NFL Practice Jersey Patches Proliferate as Brands Target Training Camp
27 NFL franchises have at least one patch partner for practice jerseys heading into this season.
Within the past decade, 19 teams have secured patch sponsors for the first time.
10 teams are partnering with a health-care provider, the most of any industry.
NFL training camps have been a staple of the late summer sports calendar since the league’s 1920 founding, but the digital age’s increasingly brighter spotlight on the preseason exercise has given rise to a new revenue stream: sponsored practice jersey patches.
Heading into the 2019 season, 27 of the NFL’s 32 franchises currently have at least one patch partner, while 21 have a brand adorning practice jerseys for both training camp and the regular season, according to a Morning Consult analysis of information provided by team representatives. Multiple people with direct knowledge of price tags for practice jersey sponsorships pegged them at a seven-figure minimum. Some of those sponsorship agreements likely include a bevy of other assets, while others might also be tied to naming rights for a practice facility or other team venue, those people said.
While the Tennessee Titans first donned sponsored patches 20 years ago, the analysis indicates that the rest of the league has come around to the idea more recently, with the NFL instituting a policy in 2009 enabling ads on practice jerseys. Eleven teams first secured a corporate partner in 2009 or 2010, while another half-dozen rolled out the program between 2012 and 2014. The Philadelphia Eagles and the Pittsburgh Steelers, in 2016 and 2017, respectively, were the most recent new arrivals to the patch space. (Twelve teams were unable to provide an exact year in which jersey partners were first adopted.)
At the time of reporting, five NFL clubs -- the Denver Broncos, Carolina Panthers, Los Angeles Rams, Oakland Raiders and the Tampa Bay Buccaneers -- had either yet to secure a practice jersey partner for the upcoming season or were in talks with brands to do so.
The ubiquity of social media, the 24-hour news cycle and a growing appetite for more NFL content has made training camp “more of a profit center” for teams, according to Michael Neuman, managing partner for New York City-based Scout Sports and Entertainment, creating “a viable environment for brands who want to take advantage” of that fan interest.
“If you think about professional sports, the attention and the focus that the media and the fans have for preseason -- it’s always been the biggest for the NFL,” he said.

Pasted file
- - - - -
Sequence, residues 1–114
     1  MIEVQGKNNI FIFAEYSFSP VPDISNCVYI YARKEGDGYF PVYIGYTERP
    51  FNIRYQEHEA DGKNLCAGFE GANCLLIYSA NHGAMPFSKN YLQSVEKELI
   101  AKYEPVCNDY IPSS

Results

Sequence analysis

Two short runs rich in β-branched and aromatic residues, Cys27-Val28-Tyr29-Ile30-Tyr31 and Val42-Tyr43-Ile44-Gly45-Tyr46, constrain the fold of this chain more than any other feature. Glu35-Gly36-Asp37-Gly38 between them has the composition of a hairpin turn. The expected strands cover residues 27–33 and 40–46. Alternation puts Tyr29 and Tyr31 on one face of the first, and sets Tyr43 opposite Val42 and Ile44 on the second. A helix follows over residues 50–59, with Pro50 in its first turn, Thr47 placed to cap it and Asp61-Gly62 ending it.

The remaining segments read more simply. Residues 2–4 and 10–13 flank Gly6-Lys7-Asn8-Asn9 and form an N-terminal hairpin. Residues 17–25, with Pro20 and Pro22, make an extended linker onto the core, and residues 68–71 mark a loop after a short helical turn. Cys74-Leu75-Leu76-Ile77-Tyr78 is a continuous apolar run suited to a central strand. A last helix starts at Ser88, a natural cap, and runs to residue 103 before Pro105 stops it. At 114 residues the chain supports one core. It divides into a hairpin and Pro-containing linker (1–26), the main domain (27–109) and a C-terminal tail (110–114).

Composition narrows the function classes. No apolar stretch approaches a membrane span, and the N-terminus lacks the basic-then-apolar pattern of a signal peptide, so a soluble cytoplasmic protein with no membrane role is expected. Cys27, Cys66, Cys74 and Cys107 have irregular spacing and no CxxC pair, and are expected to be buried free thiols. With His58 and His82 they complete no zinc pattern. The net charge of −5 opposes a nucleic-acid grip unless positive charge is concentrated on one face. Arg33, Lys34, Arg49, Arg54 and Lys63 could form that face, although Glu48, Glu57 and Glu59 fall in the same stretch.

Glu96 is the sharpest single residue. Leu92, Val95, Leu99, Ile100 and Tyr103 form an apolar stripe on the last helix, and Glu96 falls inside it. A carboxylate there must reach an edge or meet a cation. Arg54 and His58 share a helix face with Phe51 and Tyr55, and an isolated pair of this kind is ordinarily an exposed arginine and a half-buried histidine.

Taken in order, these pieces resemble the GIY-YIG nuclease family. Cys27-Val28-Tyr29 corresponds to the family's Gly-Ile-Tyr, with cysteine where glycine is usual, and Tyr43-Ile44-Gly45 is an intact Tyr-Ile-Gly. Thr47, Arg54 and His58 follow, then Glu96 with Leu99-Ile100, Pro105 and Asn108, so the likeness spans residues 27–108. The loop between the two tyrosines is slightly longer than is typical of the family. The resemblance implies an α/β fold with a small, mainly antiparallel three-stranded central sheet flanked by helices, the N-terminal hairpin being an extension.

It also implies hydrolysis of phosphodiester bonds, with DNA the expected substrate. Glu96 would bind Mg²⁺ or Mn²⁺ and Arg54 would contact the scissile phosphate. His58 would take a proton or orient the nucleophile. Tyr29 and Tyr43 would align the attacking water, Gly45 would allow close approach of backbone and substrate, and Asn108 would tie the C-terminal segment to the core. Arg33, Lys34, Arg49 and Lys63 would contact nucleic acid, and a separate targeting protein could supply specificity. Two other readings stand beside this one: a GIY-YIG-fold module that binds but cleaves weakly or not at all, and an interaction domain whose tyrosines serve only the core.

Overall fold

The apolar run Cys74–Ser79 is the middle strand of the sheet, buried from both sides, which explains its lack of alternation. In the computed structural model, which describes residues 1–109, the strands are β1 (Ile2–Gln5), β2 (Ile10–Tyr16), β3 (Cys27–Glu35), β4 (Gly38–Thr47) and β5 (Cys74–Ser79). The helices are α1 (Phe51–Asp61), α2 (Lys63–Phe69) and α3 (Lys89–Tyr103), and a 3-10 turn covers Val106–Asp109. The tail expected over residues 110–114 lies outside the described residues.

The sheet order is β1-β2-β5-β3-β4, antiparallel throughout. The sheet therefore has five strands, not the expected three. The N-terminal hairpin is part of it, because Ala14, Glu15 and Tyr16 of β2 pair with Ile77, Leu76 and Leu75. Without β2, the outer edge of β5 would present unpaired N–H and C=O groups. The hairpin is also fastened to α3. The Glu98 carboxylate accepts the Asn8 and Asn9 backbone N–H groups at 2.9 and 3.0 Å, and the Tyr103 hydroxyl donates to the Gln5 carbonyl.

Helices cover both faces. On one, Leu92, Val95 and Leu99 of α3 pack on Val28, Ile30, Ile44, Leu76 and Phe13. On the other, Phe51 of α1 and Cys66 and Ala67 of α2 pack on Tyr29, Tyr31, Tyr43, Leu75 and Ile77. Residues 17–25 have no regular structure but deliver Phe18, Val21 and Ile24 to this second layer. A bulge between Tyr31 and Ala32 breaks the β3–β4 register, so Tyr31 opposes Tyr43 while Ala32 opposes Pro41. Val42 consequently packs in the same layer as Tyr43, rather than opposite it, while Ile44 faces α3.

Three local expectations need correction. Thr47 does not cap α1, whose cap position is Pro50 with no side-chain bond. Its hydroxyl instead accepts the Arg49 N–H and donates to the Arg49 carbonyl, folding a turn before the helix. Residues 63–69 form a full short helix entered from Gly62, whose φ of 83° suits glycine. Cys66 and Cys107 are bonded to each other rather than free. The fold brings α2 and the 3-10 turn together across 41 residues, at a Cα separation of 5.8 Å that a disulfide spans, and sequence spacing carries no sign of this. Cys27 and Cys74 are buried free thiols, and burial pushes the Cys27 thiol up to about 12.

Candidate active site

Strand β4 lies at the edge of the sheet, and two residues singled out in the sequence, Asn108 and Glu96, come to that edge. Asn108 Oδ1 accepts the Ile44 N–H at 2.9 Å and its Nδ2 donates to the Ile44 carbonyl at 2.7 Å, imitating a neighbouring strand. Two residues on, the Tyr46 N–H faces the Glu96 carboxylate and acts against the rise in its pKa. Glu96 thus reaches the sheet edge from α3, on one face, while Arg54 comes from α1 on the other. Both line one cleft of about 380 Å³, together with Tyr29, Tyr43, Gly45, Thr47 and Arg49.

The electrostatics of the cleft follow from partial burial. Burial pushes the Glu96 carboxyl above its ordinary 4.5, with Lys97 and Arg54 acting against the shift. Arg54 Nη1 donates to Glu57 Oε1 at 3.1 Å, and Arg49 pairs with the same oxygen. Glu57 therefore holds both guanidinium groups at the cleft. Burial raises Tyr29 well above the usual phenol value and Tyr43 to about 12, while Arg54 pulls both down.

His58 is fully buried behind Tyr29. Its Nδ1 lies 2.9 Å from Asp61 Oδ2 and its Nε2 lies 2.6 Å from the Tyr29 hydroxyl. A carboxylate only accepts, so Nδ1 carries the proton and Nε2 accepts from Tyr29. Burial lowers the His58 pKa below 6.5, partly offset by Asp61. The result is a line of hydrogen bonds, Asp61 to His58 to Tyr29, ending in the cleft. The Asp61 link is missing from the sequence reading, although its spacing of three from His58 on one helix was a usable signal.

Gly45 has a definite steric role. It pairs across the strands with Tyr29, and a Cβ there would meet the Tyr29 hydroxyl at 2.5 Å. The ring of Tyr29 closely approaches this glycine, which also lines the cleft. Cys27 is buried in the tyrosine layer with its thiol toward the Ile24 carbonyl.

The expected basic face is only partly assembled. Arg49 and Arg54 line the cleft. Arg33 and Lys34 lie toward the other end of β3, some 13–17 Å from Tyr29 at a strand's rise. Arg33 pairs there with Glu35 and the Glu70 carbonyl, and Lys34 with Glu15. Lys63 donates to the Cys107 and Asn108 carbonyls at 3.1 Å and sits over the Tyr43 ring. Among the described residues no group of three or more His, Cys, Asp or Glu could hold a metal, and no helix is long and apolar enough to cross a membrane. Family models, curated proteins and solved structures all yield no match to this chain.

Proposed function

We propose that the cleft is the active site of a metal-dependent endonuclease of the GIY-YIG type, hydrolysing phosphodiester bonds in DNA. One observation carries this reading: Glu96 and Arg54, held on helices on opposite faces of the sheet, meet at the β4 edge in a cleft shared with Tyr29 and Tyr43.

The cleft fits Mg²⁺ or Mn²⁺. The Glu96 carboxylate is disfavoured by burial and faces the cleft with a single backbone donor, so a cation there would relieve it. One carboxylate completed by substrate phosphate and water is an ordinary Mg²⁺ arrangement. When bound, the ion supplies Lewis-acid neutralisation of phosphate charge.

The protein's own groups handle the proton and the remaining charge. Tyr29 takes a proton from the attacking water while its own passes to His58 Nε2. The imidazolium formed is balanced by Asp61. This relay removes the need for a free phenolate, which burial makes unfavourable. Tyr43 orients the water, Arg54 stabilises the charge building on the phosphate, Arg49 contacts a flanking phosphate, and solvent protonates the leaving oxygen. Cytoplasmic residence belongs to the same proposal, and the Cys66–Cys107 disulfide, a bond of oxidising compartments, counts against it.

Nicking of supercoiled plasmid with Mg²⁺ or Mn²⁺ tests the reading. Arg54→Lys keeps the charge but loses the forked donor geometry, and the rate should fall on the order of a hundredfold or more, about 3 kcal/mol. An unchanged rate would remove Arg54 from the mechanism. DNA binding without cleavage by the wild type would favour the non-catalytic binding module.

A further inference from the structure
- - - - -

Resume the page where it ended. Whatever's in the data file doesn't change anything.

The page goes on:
Although blue-chip national and globally recognized brands such as Chevron Corp., Ford Motor Co., AT&T Inc., Verizon Communications Inc. and SAP SE dot some NFL practice jerseys, locally and regionally based companies largely dominate that real estate.
“The NFL patch right now is really a local play,” said Seth Frankenthal, vice president of corporate partnerships for Premier Partnerships, a Santa Monica, Calif.-based sponsorship sales and consulting company.
While regular-season practices typically take place behind closed doors, training camp offers a higher profile for brands. Executives interviewed for the story said that training camp gives companies from the health care, financial services and real estate sectors consistent access to touchpoints with fans during the summer, including VIP and hospitality experiences and possible brand exposure across linear and digital media when news outlets report live from practice.
Health care is the predominant patch sponsor this year: Ten of the 27 NFL teams with at least a practice patch sponsor have a relationship with a company from that industry, followed by telecommunications with five teams.
Given training camp’s focus on player preparation, it’s only natural that hospitals and health organizations align with franchises during the summer, when they can hold health and wellness clinics for children and promote an active lifestyle, said Frankenthal.
As kids begin participating in various sports activities in the fall, hospitals can arguably remain top of mind if injuries occur, and leveraging training camp “makes for a robust platform,” he said.
Mark J. Burns is a senior data reporter at Morning Consult covering the business of sports. @markjburns88